Have you ever visited somewhere and instantly just clicked? Like, even if you’d never been there before, something about the place, its people, its atmosphere and its culture just resonated with you? Berlin, for me, is that place. I visited it for the first time last year, and a second trip in June confirmed that my love for it at first sight wasn’t just a passing thing.
I’d never heard anyone say anything bad about Berlin, and I’d never heard of any bad experiences. I didn’t hesitate then, when some pals told me they were booking tickets for Deftones in November 2015, to get in on the action. It helped my enthusiasm that I hadn’t actually had a holiday abroad since I went to Prague for my 21st (enthusiasm or, y’know, recklessness, because who books tickets without considering the travel or expense part of it). We booked a hotel, looked up things to do, even managed to squeeze in five days of holiday in between bridesmaid duties for my girl Bee and my Master’s graduation. So far, so perfect, no?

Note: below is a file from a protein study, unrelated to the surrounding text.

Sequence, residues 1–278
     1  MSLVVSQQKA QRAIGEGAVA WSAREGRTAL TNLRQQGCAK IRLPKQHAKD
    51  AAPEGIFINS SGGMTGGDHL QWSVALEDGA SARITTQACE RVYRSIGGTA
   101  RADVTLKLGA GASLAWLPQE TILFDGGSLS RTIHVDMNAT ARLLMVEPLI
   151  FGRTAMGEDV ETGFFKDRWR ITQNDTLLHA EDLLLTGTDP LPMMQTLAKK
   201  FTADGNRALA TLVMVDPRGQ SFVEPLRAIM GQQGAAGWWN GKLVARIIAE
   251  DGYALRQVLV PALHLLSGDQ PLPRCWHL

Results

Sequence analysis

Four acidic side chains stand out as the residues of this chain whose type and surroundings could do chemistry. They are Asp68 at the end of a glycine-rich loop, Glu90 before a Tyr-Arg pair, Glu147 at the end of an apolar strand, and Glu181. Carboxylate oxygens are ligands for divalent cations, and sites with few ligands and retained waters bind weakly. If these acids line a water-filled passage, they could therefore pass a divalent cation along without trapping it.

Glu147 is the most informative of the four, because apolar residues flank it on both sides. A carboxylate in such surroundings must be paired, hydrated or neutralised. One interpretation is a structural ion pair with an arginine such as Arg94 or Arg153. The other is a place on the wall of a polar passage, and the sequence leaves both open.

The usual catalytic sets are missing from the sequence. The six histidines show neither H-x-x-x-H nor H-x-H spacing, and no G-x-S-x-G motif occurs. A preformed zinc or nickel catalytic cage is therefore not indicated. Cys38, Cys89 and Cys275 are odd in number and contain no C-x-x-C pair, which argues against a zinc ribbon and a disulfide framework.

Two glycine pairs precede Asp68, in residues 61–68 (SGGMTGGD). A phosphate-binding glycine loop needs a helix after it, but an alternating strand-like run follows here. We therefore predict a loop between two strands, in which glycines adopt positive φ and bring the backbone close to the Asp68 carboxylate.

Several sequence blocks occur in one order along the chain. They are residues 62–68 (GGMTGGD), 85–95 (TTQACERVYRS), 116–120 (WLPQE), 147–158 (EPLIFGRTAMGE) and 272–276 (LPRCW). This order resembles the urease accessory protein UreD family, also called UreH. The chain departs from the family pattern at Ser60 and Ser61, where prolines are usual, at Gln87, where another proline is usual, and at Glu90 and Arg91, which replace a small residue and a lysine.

Well, as it turns out, you can’t plan for an unexpected tragedy. Four days before we were due to fly out, terrorists stormed the Eagles of Death Metal gig at the Bataclan- where Deftones were due to play two days later. The day before, we got the news that they’d cancelled their European tour to fly back home. Obviously understandable, and completely outwith anyone’s control. We swayed over whether to go or not and decided just to go for it. It had been a pretty hectic few months and we knew we’d regret it if we didn’t go. As it turns out, as much as there was a slight shadow over the trip, it was the best decision we could’ve made… so much so that when Deftones rescheduled halfway through our first trip, we knew we’d be back.